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This article in SSSAJ

  1. Vol. 40 No. 4, p. 521-527
    Received: July 21, 1975
    Accepted: Mar 19, 1976

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The Effect of pH, Salt Concentration, and Nature of Electrolytes on the Charge Characteristics of Brazilian Tropical Soils1

  1. F. Ilton Morais,
  2. A. L. Page and
  3. L. J. Lund2



A study of the distribution of electric charges in the A and B horizons of some Oxisols, Ultisols, and Alfisols from Brazil was made by direct measurement of retention of ions in the presence of varying electrolyte concentrations. Soil samples were collected from the Amazonian Jungle and from the principal cocoa-producing zone of the country, the southern part of Bahia State.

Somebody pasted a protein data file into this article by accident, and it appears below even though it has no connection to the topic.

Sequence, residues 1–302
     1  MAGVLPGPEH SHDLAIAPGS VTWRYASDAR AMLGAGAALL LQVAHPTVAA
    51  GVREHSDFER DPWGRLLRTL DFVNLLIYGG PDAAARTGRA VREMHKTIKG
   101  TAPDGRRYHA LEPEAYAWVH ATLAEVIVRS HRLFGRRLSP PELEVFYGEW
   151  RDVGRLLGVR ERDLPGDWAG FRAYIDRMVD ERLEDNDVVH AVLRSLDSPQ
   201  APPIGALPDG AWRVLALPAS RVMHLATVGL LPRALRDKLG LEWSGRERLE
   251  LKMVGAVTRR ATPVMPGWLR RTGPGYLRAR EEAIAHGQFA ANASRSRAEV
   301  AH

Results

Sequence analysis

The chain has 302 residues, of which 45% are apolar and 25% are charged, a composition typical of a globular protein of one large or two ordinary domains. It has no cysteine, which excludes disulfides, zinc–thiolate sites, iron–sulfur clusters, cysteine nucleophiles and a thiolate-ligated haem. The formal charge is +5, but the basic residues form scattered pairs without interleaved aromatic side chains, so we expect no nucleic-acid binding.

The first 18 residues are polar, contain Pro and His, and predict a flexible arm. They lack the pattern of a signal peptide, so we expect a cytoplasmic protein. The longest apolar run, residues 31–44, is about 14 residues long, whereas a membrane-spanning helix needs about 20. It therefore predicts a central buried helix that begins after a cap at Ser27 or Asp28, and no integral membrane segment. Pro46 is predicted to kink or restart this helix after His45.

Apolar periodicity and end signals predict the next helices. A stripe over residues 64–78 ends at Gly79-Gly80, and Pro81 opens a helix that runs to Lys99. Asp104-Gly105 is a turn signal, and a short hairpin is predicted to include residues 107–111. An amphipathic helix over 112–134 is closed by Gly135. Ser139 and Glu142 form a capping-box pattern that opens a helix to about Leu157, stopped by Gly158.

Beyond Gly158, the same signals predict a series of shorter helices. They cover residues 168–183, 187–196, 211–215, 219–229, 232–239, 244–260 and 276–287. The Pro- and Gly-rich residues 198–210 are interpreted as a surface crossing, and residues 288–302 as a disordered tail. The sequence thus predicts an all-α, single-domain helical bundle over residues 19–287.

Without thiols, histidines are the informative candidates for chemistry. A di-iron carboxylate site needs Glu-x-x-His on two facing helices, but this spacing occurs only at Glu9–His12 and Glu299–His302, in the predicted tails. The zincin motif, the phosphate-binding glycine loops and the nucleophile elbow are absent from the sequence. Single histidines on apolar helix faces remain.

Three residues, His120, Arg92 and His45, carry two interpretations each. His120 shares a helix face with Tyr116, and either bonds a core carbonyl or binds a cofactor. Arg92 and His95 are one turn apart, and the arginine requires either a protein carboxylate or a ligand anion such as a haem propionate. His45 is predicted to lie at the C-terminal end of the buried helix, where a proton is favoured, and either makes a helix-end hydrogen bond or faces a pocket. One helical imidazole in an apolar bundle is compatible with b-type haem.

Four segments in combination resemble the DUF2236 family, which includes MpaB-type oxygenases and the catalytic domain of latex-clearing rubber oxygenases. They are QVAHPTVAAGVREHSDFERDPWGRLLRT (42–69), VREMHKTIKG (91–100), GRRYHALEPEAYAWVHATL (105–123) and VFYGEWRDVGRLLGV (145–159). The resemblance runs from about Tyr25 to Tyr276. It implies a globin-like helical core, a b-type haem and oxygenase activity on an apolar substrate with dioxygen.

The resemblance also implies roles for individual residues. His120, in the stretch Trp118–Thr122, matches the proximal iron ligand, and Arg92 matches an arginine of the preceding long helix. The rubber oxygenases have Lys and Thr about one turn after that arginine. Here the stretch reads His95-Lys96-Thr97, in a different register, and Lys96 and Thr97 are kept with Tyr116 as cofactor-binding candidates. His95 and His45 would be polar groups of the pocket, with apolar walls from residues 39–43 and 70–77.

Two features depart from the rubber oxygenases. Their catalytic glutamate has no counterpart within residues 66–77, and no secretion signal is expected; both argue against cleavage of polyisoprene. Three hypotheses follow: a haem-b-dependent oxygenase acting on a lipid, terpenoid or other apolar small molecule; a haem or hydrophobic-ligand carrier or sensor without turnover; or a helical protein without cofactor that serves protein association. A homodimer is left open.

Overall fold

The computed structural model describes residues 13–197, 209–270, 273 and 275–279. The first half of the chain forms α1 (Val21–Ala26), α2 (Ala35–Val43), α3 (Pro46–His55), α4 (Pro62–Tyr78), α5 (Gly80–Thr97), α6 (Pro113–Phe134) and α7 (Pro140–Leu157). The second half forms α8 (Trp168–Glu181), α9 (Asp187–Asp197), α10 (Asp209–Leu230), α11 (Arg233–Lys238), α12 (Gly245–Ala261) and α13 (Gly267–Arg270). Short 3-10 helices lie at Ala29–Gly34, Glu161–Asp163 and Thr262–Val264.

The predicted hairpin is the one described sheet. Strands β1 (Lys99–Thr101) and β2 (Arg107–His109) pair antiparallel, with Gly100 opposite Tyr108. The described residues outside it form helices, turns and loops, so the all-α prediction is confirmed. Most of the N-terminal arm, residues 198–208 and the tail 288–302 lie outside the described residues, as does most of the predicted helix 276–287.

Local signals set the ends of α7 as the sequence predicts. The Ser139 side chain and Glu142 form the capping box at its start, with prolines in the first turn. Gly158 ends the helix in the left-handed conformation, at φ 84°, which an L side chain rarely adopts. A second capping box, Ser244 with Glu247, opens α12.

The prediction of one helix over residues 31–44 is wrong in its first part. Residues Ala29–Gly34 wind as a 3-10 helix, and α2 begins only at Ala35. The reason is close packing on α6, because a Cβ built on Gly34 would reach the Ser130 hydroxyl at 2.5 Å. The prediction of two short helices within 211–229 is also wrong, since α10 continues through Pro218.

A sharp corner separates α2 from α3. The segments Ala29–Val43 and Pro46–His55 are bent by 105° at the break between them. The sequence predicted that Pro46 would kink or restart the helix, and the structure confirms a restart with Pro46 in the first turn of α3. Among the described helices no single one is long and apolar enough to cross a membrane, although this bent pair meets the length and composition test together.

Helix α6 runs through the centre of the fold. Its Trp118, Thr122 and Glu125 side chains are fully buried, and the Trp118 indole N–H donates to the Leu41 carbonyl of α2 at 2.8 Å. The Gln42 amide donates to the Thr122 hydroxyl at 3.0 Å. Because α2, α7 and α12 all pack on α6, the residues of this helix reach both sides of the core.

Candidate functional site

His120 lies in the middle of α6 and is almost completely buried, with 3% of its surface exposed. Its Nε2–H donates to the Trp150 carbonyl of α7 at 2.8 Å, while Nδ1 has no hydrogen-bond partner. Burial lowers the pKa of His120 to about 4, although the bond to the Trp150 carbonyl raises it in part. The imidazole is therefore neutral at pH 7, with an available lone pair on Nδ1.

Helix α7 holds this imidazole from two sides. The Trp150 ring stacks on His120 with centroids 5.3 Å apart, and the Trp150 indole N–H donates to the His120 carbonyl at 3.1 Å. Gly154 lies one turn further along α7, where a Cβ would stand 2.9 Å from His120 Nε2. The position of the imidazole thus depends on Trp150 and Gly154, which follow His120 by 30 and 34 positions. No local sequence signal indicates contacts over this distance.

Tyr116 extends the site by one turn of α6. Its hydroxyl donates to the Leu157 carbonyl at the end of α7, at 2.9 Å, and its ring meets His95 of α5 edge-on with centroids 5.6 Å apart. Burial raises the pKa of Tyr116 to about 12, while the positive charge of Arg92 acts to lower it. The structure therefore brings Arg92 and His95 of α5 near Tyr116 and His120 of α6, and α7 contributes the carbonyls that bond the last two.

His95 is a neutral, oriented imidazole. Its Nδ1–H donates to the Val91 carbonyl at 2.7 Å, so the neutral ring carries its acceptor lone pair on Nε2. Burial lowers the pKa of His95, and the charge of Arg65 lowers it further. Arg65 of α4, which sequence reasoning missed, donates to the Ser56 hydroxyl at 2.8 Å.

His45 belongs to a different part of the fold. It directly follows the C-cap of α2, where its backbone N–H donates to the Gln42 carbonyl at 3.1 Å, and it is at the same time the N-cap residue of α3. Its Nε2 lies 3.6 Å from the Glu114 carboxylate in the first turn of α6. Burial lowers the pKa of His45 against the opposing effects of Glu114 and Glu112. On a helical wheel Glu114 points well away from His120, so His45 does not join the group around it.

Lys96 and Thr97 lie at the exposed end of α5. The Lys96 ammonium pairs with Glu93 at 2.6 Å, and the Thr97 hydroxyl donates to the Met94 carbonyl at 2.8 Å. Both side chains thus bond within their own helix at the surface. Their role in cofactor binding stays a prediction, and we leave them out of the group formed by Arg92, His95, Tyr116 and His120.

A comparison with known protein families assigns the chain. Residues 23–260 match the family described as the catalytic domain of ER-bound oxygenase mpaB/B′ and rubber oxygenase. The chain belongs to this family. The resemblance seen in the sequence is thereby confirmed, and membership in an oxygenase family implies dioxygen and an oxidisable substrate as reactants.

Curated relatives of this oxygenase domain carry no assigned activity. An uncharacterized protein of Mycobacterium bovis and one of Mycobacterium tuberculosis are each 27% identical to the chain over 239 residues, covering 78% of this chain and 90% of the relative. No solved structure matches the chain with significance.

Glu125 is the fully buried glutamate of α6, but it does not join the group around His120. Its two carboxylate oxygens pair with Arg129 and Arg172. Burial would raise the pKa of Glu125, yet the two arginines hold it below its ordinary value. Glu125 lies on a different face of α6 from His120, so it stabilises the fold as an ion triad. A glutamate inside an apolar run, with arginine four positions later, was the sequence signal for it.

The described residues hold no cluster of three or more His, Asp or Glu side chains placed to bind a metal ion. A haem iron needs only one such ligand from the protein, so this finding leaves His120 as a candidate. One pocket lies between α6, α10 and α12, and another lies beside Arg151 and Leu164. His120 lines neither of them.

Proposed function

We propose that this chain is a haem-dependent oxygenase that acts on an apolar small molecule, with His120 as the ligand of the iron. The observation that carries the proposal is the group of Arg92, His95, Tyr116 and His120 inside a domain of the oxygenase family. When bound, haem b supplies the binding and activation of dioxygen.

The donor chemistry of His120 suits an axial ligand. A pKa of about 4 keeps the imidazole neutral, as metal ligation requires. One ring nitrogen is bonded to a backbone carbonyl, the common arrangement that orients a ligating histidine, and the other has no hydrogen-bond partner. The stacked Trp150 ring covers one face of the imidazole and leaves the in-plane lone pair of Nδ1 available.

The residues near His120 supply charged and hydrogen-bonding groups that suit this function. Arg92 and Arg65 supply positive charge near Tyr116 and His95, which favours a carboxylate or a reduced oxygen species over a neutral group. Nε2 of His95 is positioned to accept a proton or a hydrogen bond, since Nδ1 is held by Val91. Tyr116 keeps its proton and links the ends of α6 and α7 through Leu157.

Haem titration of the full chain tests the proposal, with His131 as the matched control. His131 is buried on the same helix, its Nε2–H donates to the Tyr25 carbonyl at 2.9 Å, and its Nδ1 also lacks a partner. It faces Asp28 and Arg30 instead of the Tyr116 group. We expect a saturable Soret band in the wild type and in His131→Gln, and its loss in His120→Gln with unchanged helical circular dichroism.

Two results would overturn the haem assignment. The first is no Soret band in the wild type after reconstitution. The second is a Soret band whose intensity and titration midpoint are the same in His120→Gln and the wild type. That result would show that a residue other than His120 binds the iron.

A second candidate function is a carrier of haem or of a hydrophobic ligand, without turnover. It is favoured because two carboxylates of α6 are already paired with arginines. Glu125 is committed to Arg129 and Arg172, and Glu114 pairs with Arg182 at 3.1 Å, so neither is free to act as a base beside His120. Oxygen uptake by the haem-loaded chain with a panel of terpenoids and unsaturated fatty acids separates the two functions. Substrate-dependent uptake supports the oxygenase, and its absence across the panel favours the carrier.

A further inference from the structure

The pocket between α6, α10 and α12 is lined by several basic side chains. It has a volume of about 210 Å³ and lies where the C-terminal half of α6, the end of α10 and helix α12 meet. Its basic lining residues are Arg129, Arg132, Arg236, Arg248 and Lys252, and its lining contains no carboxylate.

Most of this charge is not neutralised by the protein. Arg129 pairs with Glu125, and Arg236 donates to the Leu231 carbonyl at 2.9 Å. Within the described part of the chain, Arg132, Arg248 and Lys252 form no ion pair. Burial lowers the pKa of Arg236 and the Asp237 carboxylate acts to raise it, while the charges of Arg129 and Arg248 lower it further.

The electrochemical behavior of these soils was found to be similar to that of the constant potential systems in which the surface potential is determined by H+ and OH- ions in the equilibrium solution, hence charge distribution varied substantially with pH and electrolyte concentration. Direct measurement of adsorption of ions from solutions of MgSO4, K2SO4, KCl, and MgCl2 showed that the nature and valence of the counter-ions also influenced the magnitude of the electric charges on the soil particles. The pH at the zero point of charge (ZPC) of the soils varied from 1.2 to 3.4 in the A horizons and from 4.0 to 6.1 in the B horizons. At or near their field pH the surface horizons were, in general, net negatively charged, while the subsurface horizons were either isoelectric or positively charged. This fact was found to be related to differences in organic matter contents of the horizons.

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